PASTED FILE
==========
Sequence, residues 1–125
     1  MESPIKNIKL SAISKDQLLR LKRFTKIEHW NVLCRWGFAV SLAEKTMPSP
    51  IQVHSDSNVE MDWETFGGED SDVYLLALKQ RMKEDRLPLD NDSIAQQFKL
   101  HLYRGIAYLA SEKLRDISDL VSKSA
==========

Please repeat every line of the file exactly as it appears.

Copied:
Sequence, residues 1–125
     1  MESPIKNIKL SAISKDQLLR LKRFTKIEHW NVLCRWGFAV SLAEKTMPSP
    51  IQVHSDSNVE MDWETFGGED SDVYLLALKQ RMKEDRLPLD NDSIAQQFKL
   101  HLYRGIAYLA SEKLRDISDL VSKSA